CAMP HILL, Pa. (WHTM) – With a West Shore School District high school closed for mold, that brings to three the number of Midstate school systems dealing with the fungus this year.
West Shore said Wednesday Cedar Cliff High School will stay closed through at least the end of the week as they fix the problem and make sure there aren’t any others.
A week into the school year at the high school, a handwritten sign greets visitors at the door to the building reading, simply, “School closed.”
“They called my wife’s phone, my phone and our home phone,” Jeffrey Heagy said. Administrators told him and other parents Tuesday they found possible mold on pipes in part of the building.
“You have your children there and you don’t want to have mold issues or breathing issues with the children being in school,” Heagy said.
He picked up his 14-year-old daughter at the school before noon after her morning at Cumberland Perry Area Vocational Technical School.
Those students spend a half-day at that campus and the other half at Cedar Cliff. They were the only ones making an appearance Wednesday as they off-loaded from buses to head home for the day.
“It’s a bit concerning,” Heagy said, “especially when they just had a mold problem over in East Pennsboro.”
East Penn was the first local district to discover mold problems at the beginning of last week.
Lower Dauphin School District also discovered high spore counts in the middle school air last week but said they fixed it before school started as scheduled Monday.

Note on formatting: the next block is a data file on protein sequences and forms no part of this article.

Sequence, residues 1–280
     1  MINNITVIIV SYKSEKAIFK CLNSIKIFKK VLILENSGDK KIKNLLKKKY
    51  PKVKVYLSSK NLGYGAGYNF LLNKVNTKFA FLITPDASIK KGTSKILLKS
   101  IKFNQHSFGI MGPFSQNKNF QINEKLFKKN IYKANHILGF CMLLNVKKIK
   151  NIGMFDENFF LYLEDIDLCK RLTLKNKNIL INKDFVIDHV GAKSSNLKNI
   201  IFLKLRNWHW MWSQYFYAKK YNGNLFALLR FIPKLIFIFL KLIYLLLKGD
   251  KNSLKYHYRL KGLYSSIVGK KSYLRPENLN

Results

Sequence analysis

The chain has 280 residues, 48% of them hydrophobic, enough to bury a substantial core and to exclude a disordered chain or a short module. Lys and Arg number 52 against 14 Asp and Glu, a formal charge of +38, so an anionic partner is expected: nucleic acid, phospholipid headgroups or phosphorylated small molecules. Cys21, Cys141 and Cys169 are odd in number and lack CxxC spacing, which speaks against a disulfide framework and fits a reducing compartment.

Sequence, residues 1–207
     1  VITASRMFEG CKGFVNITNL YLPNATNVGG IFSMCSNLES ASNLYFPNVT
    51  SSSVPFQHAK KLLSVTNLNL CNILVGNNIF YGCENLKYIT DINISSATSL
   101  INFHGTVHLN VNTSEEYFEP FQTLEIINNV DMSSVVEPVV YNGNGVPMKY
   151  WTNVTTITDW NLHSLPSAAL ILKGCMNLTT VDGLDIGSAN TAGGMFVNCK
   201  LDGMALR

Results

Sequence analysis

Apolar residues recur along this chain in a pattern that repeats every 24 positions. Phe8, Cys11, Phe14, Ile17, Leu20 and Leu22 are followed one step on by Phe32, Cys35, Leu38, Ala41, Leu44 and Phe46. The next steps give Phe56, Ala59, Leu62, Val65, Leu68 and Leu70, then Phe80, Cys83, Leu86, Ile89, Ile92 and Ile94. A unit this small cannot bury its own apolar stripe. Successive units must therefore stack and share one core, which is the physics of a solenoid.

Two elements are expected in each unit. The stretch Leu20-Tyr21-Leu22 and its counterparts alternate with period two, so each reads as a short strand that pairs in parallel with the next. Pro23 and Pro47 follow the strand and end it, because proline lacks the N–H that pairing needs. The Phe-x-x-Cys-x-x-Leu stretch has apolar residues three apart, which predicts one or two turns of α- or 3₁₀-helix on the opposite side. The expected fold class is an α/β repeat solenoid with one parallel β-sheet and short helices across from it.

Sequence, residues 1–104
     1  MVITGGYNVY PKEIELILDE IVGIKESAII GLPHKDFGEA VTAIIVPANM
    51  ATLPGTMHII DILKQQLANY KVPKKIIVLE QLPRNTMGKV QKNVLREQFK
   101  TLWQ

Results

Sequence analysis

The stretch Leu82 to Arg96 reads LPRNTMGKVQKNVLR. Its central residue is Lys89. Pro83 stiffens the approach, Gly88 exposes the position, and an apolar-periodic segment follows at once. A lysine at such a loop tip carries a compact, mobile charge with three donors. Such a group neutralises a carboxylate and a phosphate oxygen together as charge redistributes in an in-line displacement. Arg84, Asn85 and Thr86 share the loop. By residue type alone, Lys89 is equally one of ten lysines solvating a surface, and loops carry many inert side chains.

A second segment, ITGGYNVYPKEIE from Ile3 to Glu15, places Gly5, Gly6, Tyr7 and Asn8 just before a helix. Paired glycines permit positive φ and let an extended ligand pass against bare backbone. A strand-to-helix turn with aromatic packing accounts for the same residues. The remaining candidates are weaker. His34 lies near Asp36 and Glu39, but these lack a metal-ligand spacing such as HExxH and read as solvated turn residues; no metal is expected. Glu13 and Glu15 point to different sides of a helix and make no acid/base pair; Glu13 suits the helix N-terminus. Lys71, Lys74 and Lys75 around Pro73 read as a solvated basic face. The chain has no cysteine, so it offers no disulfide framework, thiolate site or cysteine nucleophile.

But why are these districts just now discovering the issues?
“I certainly think with the weather conditions as they have been and with the humidity,” WSSD superintendent Dr. Todd Stoltz said, “we have been vigilant in keeping an eye out for discolored tiles, all the signs that might indicate the suspicion of presence of mold.”
As it turns out, there’s no requirement in the state school code for environmental testing. The state Department of Health offers help interpreting test results to districts only after they discover the problem.
A bill sponsored by Philadelphia Democratic Sen. Art Haywood — and co-sponsored by Sen. Rob Teplitz, D-Harrisburg — would require lead testing in schools, but there’s no language in it about mold.
Speaking by phone Wednesday, Teplitz said he’d be open to amending the bill to include that if and when it moves forward.
“I think that the school board or whatever,” Heagy said, “they should have inspectors going in there and inspecting them periodically.”
At this point, though, he just hopes kids can get back to class soon.
“It’s like it’s punishing the children of the high school,” he said.
No other WSSD schools have been closed due to mold. Administrators say they’re visually inspecting all the buildings in the district.